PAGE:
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Medical Journals Force Drug Companies To Tell The Whole Truth

Last week in this space, I told you about a group of Nobel Prize-winning scientists who sent a joint letter to Congress and the National Institutes of Health (NIH) asking that all taxpayer-funded research papers be free and available to the public. From all appearances, the call for change is growing even more on a different front this week.

The editors of 11 major medical journals joined forces to make researchers and companies register all clinical trials when they begin so unflattering or unclear results cannot later be covered up. The journals, including some of the most influential medical publications in the world, agreed not to publish any studies that were not registered when they began. One editor felt the quality of her publication "was being diminished somewhat because we didn't have access to the information."

The flashpoint for the change: The discovery that certain antidepressants may make adolescents more likely to commit suicide. Some companies were accused of covering up studies that could have shown this earlier. GlaxoSmithKline Plc and Forest Laboratories Inc. have agreed to release information on all their clinical studies on antidepressants to settle a lawsuit filed by New York Attorney General Eliot Spitzer.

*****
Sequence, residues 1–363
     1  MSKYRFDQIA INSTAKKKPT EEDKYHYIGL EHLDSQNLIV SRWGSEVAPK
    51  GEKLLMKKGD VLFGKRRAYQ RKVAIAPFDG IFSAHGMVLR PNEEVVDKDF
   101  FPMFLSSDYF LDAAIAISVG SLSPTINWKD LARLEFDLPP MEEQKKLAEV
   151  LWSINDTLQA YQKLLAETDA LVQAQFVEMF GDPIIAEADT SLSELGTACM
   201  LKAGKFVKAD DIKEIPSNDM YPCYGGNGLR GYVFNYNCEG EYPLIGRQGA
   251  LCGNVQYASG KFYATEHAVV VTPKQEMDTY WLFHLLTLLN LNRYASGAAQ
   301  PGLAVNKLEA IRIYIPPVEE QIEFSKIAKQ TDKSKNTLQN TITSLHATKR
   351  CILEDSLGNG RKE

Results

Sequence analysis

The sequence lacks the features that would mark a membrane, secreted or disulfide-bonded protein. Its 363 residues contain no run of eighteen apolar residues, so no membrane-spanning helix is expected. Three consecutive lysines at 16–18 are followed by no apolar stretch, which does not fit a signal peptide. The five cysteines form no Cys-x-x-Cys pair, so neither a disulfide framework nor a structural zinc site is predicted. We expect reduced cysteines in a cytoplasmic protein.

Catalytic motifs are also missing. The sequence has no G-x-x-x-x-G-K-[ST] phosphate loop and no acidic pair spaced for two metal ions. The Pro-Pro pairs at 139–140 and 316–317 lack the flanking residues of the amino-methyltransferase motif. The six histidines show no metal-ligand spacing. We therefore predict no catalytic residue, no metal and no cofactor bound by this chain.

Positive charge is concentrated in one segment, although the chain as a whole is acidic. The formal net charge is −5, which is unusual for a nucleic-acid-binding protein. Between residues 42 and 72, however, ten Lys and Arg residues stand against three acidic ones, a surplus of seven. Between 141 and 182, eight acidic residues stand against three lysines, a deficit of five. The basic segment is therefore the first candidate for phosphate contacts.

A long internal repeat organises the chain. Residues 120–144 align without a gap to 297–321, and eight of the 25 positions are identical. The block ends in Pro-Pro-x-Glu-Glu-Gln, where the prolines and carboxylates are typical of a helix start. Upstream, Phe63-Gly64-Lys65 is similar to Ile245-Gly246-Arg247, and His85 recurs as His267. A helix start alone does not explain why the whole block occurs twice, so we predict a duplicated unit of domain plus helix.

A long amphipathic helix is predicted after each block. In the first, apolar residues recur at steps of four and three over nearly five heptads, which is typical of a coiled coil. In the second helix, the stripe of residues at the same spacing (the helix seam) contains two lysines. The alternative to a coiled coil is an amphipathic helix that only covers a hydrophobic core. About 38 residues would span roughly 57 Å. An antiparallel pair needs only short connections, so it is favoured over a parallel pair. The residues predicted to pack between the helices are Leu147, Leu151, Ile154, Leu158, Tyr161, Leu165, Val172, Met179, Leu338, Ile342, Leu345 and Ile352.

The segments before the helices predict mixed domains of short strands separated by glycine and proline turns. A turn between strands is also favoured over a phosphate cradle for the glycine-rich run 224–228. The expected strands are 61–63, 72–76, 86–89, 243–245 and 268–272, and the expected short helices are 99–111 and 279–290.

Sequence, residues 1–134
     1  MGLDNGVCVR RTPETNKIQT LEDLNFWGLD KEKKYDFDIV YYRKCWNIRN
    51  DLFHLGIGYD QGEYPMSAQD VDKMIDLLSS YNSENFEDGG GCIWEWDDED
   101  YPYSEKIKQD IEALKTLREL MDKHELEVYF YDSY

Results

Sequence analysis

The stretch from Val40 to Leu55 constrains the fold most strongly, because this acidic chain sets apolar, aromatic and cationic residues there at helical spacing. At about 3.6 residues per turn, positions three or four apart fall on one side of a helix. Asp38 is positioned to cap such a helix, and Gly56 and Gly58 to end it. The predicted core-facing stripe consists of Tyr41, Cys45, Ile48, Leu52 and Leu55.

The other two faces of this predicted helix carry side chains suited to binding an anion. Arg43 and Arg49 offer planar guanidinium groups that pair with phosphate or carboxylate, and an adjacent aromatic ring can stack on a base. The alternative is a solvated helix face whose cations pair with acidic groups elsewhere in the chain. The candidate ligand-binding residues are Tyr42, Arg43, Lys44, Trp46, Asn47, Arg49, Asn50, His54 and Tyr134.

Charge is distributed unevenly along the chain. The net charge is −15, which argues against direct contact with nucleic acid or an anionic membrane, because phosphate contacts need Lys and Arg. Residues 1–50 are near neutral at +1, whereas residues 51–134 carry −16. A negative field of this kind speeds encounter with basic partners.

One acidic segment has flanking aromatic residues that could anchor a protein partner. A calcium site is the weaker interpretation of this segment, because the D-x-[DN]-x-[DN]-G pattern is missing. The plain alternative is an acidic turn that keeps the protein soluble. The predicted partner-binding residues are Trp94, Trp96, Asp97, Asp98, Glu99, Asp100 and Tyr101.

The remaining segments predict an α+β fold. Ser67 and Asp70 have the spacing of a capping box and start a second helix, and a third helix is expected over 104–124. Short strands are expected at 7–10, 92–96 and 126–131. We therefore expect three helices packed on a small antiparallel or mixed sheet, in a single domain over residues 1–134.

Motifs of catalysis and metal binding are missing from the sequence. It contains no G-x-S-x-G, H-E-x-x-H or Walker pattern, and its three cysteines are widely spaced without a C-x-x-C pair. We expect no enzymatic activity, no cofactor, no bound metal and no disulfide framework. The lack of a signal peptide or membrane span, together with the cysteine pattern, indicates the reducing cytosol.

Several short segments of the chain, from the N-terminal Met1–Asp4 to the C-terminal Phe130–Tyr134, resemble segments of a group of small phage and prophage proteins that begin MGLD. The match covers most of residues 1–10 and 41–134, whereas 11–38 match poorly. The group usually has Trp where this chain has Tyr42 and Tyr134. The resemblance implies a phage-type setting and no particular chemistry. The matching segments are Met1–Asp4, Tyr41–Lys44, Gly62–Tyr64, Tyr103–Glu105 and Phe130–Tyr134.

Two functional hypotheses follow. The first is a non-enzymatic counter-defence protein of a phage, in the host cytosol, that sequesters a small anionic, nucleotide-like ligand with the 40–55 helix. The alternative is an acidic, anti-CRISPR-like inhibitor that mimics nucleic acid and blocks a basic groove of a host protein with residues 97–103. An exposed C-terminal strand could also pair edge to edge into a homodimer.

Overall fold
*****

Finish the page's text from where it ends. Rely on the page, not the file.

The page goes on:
Congress has also explored the possibility of using the law to make companies tell more about what they know. Sen. Edward Kennedy (D-Mass.) is drafting legislation to require a national registry and Reps. Henry Waxman (D-Calif.), Tim Johnson (D-S.D.) and Christopher Dodd (D-Conn.) have asked the FDA what legislation would be needed to give the agency more authority to require full reporting. The Pharmaceutical Research and Manufacturers of America, the drug industry lobbying group, announced on Tuesday it was setting up a database starting Oct. 1, albeit a voluntary one.

These are very exciting developments. It never seemed fair that taxpayers would fund the research and then not be able to view the results, but the journals would make extraordinary sums of money from selling it back to the public who paid for the research to begin with.

Believe me, I will keep you posted on this one as it develops and will provide you with all the links you need to get this free and valuable information.

Yahoo News September 8, 2004

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